On 22 March 2010, Congress passed the Stamp Act Health Security Health Care Reform bill, and days later, the President signed it into law. In the days that followed, angry citizens subjects individuals committed acts of violence and hatred against various members of the Tory Democrat party responsible for passing the bill.
Since then, various supporters of the bill and the Democrats have come out condemning the rabble and their representative parties and demanding that they apologize, repudiate, and turn over these offending individuals in the name of good order and civility.
For some reason, this all sounds familiar to me, and it comes across as a liberal establishment growing more elitist and tone deaf by the day. In fact, the liberal response to conservative anger reminds me of the behavior of the members of Parliament and the House of Lords circa the 1760s and 1770s as they passed increasingly oppressive laws against the American colonies.
Let’s not forget that, in the 1760s and 1770s, people living in the American colonies were not subjects of the crown by conquest or absorption but were citizens, and quite a few recently emigrated from Britannia herself. While most of them had not received much in the way of formal academic education, a great majority of them were land and business owners. Perhaps more important, they were almost universally armed.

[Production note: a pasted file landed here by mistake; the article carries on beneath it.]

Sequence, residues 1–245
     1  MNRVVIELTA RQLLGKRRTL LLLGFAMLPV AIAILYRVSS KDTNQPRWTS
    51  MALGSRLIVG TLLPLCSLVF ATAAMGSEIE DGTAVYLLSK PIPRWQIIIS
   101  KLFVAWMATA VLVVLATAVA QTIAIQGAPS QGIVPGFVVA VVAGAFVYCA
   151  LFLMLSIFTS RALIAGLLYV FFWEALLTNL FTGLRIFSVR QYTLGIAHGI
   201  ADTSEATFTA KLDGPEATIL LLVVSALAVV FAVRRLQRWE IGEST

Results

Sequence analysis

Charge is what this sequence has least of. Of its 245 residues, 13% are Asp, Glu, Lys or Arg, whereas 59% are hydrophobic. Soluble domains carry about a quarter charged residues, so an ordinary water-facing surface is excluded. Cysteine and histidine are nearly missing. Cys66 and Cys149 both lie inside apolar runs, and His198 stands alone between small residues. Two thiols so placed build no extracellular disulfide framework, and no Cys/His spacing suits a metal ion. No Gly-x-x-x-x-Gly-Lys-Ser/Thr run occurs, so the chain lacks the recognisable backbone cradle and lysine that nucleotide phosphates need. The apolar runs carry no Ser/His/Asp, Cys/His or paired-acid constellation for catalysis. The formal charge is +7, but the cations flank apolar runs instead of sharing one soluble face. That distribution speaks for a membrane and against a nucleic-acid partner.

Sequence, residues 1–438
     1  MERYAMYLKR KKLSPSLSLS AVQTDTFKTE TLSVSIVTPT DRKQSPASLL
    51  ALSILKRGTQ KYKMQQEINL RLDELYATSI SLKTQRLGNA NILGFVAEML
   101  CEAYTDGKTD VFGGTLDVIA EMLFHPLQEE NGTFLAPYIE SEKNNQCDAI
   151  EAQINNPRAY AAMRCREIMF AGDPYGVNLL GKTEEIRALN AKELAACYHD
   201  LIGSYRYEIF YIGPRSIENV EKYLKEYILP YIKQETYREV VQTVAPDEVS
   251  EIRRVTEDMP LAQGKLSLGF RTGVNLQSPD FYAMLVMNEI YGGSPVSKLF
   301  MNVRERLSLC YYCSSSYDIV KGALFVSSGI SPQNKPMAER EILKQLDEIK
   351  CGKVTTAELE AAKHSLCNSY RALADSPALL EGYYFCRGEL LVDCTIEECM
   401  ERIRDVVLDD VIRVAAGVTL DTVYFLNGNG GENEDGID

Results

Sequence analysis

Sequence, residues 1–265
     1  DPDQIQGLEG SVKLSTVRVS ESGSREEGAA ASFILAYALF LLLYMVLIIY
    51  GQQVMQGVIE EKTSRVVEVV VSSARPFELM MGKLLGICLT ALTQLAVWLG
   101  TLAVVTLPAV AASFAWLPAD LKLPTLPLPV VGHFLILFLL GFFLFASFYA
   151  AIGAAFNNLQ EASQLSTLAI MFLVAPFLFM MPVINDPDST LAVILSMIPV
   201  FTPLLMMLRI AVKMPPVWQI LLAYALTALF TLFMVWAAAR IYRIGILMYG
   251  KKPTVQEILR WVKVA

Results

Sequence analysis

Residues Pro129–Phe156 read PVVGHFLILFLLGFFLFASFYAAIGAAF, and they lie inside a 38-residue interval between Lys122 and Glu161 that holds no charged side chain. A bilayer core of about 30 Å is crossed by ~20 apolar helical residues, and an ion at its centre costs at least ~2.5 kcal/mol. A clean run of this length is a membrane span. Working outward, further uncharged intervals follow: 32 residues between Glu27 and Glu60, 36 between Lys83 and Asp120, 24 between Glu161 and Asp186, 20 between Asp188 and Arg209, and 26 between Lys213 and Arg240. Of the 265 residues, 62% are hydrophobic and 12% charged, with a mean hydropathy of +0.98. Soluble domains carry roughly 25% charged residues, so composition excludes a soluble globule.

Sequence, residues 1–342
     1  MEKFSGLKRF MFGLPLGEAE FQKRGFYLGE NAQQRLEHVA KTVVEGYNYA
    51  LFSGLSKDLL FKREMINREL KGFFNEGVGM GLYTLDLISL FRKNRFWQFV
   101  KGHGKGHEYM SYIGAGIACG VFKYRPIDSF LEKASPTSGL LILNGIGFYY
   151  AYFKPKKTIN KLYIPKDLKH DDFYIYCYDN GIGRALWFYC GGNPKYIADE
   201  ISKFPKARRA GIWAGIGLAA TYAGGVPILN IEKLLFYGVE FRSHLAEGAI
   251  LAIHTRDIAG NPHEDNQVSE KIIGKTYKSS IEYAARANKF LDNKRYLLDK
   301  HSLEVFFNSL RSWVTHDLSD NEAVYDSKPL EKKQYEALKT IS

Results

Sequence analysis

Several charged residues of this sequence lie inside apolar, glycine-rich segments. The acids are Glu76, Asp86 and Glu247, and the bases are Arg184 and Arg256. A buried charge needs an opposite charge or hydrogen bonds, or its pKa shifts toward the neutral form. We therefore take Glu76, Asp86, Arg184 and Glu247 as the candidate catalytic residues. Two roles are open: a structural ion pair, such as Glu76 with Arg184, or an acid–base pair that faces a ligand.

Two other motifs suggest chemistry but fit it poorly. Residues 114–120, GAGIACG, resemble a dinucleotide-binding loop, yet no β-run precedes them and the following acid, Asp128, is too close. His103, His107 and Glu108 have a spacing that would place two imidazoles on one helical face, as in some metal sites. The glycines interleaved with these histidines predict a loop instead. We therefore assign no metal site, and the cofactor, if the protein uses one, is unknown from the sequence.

It was these people, full citizens of the British Empire circa 1770, who banded together to form the militias whose names still resound with greatness more than two centuries after their exploits—Lexington, Concord, Culpeper, Green Mountain—and who formed the heart of the fight against the Crown once the founders declared independence.
I am not saying that violence or derogatory speech are the answers that people who are angry with the current state of affairs should pursue, rather I am pointing out that when you make people with the right kind of resources angry enough, revolutions can and do happen. While liberals may be content to denigrate and dismiss the anger and actions of conservatives, they do so against the people who are often part of the less than half the population that pays more in taxes than it gets back in returns, who own their own houses, land, and businesses without default, and who in great numbers own most of the privately held guns.
So, while liberals might reject the actions and reactions of angry conservatives, they might want to consider what that anger means. History has been a harsh judge of the British politicians of the 1760s and 1770s, and I doubt it will be much kinder to tone deaf politicians of our era.